Many faces that are well-known in agriculture circles were at the show this year. Do you follow advances in plant genetics? Dr. Robb Fraley (CTO of Monsanto, responsible for many advances in agricultural biotechnology) was there. Dr. Adrian Percy (Bayer's head of Research and Development) was there. Like the FarmHer movement? Marji Guyler-Alaniz, (the President and Founder of FarmHer) was there. Follow farm auctions? Machinery Pete was there. Keep up with consumer education about farming on social media? Farm Babe was there. Interested in politics and hot topics in ag? Iowa's Secretary of Agriculture Bill Northey was there. Curious about initiatives around the state of Iowa? Iowa State's Vice President of Extension and Outreach, Cathann Kress, was there. The beauty of the show is that these people are taking in the surroundings just like you, so they are in an approachable environment and there is a good chance they can spend time talking to you. It's an incredible opportunity to connect!
Left to right: Michelle Miller (aka Farm Babe), Eric (my farmer), Phil Pitzenberger (Iowa farmer and agricultural drone operator), and Annette Sweeney...all chatting about who knows what!
#5- Issues in Ag
There were many great panels on current sustainability goals in agriculture, with discussions involving people that are setting great examples across Iowa and beyond. Soil quality, water quality (as well as water quantity) were a few of the issues covered.
Iowa Corn held panels daily on soil health and water quality issues. Pictures left to right: Moderator WHO-TV Agribusiness Report Host David Geiger, Iowa Secretary of Agriculture Bill Northey, Iowa Corn Growers Association Director Dean Meyer, and Iowa Corn Animal Agriculture and the Environment Committee Member Annette Sweeney.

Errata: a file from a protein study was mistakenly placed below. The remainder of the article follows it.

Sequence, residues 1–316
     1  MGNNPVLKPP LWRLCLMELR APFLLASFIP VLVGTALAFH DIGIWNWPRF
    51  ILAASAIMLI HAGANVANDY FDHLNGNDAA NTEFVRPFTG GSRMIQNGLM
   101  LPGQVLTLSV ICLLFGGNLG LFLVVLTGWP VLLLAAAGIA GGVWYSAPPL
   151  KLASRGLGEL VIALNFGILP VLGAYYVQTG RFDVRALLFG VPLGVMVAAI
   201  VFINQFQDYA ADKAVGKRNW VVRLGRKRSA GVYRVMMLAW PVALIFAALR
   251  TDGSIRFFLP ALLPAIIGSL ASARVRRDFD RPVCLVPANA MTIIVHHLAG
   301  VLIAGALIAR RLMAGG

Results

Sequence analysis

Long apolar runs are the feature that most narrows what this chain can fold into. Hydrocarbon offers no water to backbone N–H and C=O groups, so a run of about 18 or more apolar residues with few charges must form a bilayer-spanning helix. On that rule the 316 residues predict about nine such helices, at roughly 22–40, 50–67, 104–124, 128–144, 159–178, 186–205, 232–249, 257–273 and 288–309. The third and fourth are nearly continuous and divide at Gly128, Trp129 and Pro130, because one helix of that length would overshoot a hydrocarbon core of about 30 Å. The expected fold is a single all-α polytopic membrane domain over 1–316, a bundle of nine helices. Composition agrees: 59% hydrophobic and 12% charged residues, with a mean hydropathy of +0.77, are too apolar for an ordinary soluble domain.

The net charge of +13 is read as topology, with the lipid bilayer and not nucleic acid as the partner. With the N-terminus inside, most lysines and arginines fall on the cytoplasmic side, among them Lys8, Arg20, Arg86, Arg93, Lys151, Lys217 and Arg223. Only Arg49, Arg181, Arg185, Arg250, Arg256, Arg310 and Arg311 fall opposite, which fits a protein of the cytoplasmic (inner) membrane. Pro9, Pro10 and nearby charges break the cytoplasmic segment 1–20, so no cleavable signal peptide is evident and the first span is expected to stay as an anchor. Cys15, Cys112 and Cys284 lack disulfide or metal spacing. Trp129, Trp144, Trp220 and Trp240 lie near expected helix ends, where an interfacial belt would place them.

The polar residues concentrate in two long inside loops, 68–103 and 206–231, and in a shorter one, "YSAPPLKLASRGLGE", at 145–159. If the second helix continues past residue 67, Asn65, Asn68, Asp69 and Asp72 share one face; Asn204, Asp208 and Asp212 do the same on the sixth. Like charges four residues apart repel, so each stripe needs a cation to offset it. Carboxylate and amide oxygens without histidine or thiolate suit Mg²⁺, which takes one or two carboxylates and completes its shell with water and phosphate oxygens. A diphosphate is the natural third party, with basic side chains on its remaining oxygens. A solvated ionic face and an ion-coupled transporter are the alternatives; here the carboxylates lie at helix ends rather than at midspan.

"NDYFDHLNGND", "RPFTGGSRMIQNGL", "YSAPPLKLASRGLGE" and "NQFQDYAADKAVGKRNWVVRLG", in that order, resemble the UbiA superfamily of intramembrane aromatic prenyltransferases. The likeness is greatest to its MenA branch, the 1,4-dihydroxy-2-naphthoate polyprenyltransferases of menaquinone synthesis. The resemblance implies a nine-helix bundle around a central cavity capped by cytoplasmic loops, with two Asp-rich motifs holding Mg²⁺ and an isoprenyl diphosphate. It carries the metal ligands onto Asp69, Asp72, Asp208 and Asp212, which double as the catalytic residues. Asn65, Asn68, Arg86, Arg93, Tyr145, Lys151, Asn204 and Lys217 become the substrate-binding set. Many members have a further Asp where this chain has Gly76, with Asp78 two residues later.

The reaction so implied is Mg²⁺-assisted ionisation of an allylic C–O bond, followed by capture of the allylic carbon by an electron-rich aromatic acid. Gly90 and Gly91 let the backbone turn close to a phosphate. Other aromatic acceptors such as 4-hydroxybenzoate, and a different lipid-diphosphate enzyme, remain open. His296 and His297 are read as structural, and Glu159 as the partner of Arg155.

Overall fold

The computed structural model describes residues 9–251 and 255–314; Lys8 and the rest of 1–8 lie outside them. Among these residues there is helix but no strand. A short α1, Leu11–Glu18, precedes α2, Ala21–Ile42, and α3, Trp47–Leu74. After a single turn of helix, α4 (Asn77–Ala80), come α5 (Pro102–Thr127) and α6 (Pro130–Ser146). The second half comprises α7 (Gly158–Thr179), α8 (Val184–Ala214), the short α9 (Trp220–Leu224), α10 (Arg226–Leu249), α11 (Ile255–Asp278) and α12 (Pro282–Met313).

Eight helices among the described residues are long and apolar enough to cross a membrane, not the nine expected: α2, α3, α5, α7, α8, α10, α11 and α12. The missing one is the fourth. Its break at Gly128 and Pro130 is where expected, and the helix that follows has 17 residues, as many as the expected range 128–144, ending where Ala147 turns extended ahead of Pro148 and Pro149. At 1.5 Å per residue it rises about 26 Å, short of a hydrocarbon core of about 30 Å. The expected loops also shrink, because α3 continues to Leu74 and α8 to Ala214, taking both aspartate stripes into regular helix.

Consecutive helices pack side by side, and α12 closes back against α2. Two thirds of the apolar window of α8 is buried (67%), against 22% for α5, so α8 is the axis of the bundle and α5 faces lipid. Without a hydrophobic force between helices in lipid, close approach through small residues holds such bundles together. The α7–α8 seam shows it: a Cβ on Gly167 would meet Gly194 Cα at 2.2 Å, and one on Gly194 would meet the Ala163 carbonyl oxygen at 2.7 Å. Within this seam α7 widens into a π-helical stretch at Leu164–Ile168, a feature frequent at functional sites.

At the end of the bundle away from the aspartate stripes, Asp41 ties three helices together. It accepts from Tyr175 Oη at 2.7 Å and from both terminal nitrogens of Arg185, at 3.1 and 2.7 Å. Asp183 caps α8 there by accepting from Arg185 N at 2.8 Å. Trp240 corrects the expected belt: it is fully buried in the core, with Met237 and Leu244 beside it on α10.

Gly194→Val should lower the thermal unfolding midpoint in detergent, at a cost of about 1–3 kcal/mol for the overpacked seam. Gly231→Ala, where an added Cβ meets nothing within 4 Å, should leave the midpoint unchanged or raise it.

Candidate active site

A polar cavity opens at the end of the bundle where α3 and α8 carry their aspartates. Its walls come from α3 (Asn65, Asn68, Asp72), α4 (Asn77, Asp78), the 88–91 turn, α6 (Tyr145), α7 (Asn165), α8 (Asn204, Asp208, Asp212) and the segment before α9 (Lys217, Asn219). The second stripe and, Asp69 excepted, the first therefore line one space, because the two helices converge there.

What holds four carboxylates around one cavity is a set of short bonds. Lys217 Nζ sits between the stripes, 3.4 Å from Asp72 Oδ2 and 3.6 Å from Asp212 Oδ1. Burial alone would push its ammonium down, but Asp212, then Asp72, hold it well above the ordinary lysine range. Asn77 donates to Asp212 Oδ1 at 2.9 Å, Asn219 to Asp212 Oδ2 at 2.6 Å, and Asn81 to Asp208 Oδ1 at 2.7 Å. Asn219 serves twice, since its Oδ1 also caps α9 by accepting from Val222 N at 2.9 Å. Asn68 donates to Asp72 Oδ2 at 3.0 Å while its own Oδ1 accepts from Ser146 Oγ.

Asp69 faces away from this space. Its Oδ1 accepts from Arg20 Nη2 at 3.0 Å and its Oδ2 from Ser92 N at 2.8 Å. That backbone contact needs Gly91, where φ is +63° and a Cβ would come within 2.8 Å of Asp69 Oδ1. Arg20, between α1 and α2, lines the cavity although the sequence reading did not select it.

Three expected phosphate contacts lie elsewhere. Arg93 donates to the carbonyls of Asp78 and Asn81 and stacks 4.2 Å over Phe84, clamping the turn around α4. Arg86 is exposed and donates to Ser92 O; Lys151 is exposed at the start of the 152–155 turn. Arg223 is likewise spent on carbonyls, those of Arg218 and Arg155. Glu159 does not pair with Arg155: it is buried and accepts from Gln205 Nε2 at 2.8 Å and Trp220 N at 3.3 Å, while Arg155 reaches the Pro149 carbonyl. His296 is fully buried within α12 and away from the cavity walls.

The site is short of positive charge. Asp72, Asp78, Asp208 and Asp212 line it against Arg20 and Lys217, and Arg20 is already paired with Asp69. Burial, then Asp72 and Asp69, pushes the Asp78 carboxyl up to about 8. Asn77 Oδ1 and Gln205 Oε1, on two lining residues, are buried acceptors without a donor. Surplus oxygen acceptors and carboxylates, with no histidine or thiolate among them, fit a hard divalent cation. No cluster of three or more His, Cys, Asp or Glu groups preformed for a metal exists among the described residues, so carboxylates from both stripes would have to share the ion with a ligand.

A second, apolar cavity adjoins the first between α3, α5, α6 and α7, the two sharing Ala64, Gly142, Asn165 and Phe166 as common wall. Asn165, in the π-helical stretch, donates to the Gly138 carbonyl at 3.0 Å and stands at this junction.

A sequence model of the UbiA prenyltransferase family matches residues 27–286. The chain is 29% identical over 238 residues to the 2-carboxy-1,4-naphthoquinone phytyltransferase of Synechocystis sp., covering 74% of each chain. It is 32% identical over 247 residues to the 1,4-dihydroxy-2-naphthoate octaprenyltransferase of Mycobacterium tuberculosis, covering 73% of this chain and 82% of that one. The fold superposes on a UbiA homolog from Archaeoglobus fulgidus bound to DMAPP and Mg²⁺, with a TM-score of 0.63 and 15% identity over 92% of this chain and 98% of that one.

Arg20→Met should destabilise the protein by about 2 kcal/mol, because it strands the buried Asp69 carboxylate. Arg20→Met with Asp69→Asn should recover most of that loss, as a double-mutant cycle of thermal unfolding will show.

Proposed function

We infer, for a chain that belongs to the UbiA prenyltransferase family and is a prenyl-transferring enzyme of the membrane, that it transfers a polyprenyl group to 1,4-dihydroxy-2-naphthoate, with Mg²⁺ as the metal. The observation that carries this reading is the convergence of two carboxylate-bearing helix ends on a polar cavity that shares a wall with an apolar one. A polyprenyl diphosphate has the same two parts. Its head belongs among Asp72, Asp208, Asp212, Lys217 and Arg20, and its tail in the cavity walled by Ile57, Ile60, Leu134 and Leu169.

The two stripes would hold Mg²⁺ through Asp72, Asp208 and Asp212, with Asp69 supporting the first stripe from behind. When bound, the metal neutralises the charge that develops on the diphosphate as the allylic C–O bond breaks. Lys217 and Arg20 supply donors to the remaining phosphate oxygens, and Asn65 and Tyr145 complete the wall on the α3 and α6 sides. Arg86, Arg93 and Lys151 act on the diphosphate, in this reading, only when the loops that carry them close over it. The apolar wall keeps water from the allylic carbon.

#6- Beekman's Ice Cream
I completely understand why there is a line to get Beekman's every day. It's amazing! Their homemade ice cream is made by five small motors that churn out five-gallon batches. Those suckers run all day long, too! I was there at 8:45 one morning and there was already a short line! (Yes, I did have a root beer float for breakfast.) Their ice cream is perfectly creamy and rich; it's pure goodness and I will be stalking their trailer from now on at local events. Beekman's lifer right here.
So, next time the Farm Progress Show comes around, go, my women friends! It will be well worth your time, and I'm confident you will leave feeling thankful that you went. The agriculture industry is realizing more than ever the important roles women play in farming, and I expect events like this will continue to increase their offerings for women.
Did I miss something awesome from this year's show? Tell me about it!
Of all the seasons in Iowa, late summer has a few perks on the others. Have you ever noticed how many creatures sing their songs in August? I love going out to our old windbreak north of the house. I head straight for the hammock; I like to close my eyes and smell the evergreens and just listen to it all. Today on our farm, I've heard a variety of animals singing their songs. The accidental free-range chickens (they would never let us not hear them, for even 3 minutes, I suspect), the dog snoring, a male Cardinal, a Blue Jay, crickets, a Ruby-Throated hummingbird that flew into the garage (no joke), frogs in the waterway up the road, and of course the locusts. The guys that always let us know fall is coming.
For so many of us in Iowa and in agriculture, we say "fall" but our minds think "harvest time". The busiest season of all.
I'm looking forward to harvest this year with a new kind of deliberateness.